My wife and I have wanted to start our own business for years. After a lot of discussion we decided that the best fit for us would be to open a Tobacco and Smoking Accessory retail shop, so I did a lot of research and spent well over 100 hours drafting a business plan. I made an appointment with our local Small Business Development Center to discuss my business plan. The appointment was 2 days ago and what I thought was going to be a meeting reviewing and refining my business plan turned out to be an hour long session of the counselor telling us how difficult it is to get financed for a start-up. The whole meeting had a very negative tone to it and if I took her information at face value, I would give up now. I am sure she was trying to just be the "reality check" that every entrepreneur needs and I refuse to give up on this dream until I have exhausted every option available to us to get started. She did take a copy of my plan and told me she would review it when she had the time to dedicate to it and get back to me with recommended changes but did not give me any indication of how long that might take.
The numbers I have crunched show that we need $120,000 to get up and running and cover 6 months worth of operating costs. My wife and I have $25,000 to contribute, but no other real property or assets to use as collateral. I haven't run our credit reports in almost a year so I know I will need to do that soon, but the most recent ones I have we both have credit scores below 600. Over $66,000 of that initial costs will be direct purchases of retail assets (display cases, POS Systems, walk-in humidor, inventory, etc) and I am not sure if that would qualify as worthy collateral to a traditional lender.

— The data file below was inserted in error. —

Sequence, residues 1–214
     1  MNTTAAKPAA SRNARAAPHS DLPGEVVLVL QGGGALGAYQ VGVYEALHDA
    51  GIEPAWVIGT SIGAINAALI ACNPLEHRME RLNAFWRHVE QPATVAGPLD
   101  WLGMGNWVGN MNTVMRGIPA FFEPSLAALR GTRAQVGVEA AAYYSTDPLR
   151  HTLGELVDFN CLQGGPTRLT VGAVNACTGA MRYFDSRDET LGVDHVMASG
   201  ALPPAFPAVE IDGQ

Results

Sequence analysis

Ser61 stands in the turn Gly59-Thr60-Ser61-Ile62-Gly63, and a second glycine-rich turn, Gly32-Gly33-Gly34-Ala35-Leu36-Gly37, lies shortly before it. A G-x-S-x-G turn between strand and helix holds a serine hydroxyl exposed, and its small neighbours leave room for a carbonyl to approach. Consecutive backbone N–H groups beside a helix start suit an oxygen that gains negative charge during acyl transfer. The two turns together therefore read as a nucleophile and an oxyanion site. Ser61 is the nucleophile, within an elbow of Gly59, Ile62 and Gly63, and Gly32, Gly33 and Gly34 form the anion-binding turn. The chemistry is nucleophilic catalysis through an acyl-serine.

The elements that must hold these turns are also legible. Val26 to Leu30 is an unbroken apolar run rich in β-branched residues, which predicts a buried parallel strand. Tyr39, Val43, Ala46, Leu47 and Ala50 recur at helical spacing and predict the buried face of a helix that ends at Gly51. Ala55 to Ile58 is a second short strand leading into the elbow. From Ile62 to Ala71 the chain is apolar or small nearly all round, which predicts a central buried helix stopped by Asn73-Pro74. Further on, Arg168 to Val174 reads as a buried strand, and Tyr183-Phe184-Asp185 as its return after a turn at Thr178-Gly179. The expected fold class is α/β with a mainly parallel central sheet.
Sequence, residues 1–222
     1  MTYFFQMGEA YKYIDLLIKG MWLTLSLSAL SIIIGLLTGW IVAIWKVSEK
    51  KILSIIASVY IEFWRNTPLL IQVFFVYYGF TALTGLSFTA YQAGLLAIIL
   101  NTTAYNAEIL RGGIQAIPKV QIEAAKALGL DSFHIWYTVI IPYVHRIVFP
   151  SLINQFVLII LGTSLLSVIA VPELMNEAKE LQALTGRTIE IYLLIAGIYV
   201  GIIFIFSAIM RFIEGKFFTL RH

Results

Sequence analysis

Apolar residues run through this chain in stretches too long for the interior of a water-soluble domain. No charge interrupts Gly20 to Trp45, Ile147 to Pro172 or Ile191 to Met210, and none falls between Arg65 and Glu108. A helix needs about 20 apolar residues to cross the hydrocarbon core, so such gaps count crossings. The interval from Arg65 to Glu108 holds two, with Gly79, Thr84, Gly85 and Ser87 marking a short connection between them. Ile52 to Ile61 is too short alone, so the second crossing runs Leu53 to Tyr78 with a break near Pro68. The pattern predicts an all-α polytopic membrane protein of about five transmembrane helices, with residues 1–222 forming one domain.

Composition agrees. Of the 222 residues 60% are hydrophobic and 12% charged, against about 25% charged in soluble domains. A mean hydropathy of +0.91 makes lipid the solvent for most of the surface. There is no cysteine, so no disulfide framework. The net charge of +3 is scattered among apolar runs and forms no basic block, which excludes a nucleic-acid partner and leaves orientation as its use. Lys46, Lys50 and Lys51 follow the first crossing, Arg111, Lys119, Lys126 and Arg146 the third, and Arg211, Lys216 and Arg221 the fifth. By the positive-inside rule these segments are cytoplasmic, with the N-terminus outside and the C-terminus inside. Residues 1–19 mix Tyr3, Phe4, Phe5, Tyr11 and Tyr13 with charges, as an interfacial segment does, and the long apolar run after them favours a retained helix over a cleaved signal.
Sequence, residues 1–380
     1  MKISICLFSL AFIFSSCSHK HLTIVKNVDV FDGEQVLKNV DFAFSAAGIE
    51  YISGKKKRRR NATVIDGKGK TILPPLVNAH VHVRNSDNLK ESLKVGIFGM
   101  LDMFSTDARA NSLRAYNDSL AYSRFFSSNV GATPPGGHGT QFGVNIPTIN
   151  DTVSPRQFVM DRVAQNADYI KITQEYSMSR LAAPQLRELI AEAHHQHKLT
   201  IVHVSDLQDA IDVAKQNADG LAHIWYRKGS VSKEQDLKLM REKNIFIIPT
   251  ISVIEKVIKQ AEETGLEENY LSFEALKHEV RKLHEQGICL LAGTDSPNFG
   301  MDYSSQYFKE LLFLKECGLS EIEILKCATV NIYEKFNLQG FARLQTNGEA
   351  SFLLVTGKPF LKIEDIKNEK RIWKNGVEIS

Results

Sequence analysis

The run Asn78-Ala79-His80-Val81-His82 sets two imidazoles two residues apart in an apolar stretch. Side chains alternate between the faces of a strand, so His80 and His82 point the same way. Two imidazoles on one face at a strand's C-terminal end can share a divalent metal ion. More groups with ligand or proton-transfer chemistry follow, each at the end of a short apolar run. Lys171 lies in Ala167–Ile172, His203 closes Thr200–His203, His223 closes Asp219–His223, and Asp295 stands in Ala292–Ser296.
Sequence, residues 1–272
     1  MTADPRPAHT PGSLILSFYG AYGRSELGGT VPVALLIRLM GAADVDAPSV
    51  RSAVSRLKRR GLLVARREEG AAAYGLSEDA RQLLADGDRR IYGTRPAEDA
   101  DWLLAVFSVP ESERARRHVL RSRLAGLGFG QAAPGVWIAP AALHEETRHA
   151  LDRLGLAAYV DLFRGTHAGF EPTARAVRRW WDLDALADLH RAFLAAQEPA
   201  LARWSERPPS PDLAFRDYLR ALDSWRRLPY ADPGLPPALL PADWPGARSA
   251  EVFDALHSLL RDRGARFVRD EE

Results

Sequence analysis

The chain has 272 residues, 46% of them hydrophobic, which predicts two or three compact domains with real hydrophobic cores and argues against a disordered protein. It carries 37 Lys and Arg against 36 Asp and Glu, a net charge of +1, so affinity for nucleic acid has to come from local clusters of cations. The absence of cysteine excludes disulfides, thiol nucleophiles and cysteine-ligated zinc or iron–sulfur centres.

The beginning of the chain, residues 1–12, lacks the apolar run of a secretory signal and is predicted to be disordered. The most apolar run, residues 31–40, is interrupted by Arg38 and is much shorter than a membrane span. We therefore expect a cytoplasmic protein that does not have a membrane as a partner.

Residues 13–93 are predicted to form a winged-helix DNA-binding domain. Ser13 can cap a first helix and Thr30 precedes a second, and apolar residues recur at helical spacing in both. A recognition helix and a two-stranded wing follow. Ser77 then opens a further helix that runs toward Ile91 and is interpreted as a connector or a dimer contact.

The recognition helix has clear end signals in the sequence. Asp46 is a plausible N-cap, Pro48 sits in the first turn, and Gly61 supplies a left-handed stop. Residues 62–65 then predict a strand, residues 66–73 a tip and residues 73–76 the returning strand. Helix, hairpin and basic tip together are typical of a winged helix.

I believe my business plan shows a very strong case for sustained success and profitability, and combined my wife and I have over 20 years worth of retail experience, and I have 10 years of active duty military service for management experience.
My questions are;
What is the actual reality of securing financing for start-ups? In my mind $95,000 is not that much money in the grand scheme of things, but I also understand that it is a very large risk without collateral.
How much weight is placed on the strength of the business plan versus credit history?
How difficult is it to find and "sell a business idea" to angel investors if traditional financing falls through?
How many angel investors are happy with debt-equity only versus those who want owner-equity in the businesses they invest in?